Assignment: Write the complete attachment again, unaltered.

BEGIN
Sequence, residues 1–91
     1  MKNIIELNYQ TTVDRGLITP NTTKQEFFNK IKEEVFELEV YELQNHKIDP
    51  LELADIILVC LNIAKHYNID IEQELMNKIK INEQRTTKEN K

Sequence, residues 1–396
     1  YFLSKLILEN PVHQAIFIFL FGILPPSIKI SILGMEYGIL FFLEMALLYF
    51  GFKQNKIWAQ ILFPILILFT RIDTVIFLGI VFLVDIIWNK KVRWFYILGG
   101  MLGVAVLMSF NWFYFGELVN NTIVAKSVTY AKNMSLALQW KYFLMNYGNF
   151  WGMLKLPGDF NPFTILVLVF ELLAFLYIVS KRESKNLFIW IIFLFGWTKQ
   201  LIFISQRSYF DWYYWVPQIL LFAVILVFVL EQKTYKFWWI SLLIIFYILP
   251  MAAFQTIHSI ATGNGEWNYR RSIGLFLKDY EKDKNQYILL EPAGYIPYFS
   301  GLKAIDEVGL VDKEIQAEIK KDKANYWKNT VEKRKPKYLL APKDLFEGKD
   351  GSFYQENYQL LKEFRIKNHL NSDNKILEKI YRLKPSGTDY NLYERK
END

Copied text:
Sequence, residues 1–91
     1  MKNIIELNYQ TTVDRGLITP NTTKQEFFNK IKEEVFELEV YELQNHKIDP
    51  LELADIILVC LNIAKHYNID IEQELMNKIK INEQRTTKEN K

Sequence, residues 1–396
     1  YFLSKLILEN PVHQAIFIFL FGILPPSIKI SILGMEYGIL FFLEMALLYF
    51  GFKQNKIWAQ ILFPILILFT RIDTVIFLGI VFLVDIIWNK KVRWFYILGG
   101  MLGVAVLMSF NWFYFGELVN NTIVAKSVTY AKNMSLALQW KYFLMNYGNF
   151  WGMLKLPGDF NPFTILVLVF ELLAFLYIVS KRESKNLFIW IIFLFGWTKQ
   201  LIFISQRSYF DWYYWVPQIL LFAVILVFVL EQKTYKFWWI SLLIIFYILP
   251  MAAFQTIHSI ATGNGEWNYR RSIGLFLKDY EKDKNQYILL EPAGYIPYFS
   301  GLKAIDEVGL VDKEIQAEIK KDKANYWKNT VEKRKPKYLL APKDLFEGKD
   351  GSFYQENYQL LKEFRIKNHL NSDNKILEKI YRLKPSGTDY NLYERK